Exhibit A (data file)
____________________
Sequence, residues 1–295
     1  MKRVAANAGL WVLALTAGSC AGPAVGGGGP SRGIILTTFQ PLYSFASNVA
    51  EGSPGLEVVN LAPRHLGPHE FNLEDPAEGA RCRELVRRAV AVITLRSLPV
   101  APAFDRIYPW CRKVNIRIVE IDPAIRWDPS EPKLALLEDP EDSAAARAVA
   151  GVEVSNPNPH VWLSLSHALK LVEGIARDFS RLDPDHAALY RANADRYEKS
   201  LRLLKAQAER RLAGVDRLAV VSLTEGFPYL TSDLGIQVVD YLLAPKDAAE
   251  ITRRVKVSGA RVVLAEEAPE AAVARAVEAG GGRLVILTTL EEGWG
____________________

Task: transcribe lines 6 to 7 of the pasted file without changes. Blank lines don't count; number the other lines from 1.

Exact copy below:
   201  LRLLKAQAER RLAGVDRLAV VSLTEGFPYL TSDLGIQVVD YLLAPKDAAE
   251  ITRRVKVSGA RVVLAEEAPE AAVARAVEAG GGRLVILTTL EEGWG